SEB: Now, I got my copy yesterday, and I’m through the first three chapters (that’s right kids, being PRESS has its advantages) and I love the intros. You start with very clear definitions of who these characters are, to themselves, to their respective cities, and even, their initial ideas about each other. Is that juxtaposition part of what drew you to this project?


KJA: Yes. I wanted to draw these people not just as icons, but as real characters. Batman/Bruce Wayne is a lost soul, scarred by his tragic childhood and yet forced to play the aloof and irresponsible playboy; Clark Kent/Superman is an alien but desperate to fit in; he has the powers to save the world, and yet in this era every portrayal of aliens is as a nasty, bloodthirsty invader.


SEB: Now, aside from researching the characters, how much research into the era, the 1950’s did you do? Because many of the references are very period specific?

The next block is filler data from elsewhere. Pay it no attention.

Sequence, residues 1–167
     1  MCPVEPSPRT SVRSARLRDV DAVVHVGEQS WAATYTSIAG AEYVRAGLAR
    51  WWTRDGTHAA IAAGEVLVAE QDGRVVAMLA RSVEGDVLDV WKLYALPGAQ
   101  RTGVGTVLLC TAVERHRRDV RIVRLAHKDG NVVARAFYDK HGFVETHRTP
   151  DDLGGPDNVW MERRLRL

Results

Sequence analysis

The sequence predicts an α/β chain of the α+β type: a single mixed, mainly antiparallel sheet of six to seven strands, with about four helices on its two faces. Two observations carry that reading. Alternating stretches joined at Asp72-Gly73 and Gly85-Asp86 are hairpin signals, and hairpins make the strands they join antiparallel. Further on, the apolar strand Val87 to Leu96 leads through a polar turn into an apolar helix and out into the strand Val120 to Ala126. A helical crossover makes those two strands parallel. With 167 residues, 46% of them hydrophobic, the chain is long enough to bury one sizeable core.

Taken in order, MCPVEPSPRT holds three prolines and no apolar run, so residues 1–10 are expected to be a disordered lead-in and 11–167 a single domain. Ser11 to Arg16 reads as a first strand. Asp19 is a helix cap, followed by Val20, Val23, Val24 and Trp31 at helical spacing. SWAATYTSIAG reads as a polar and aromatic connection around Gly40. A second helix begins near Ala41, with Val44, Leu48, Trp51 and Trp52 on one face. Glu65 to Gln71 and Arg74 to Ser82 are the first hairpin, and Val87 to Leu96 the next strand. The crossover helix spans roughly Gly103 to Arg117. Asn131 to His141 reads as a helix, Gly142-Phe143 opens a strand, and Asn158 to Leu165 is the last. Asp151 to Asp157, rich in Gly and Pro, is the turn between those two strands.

KJA: I did a lot of research into the period, trying to keep all the little details correct, the type of watch Luthor would wear, for instance. However, the historical events aren’t exactly correct -- this is the same period, but a different timeline, if that makes any sense. Of course, this is a version of the 1950s that does have Superman and Batman.


SEB: Will you do more of these Superman/Batman novels? Could this become another franchise for you?


KJA: I sure had fun with this, and with the KRYPTON novel, and I’m a big fan of the DCU. My editor and I are bouncing ideas back and forth for the next adventure, but we have to make sure it’s a big enough story. I don’t just want to write a random adventure.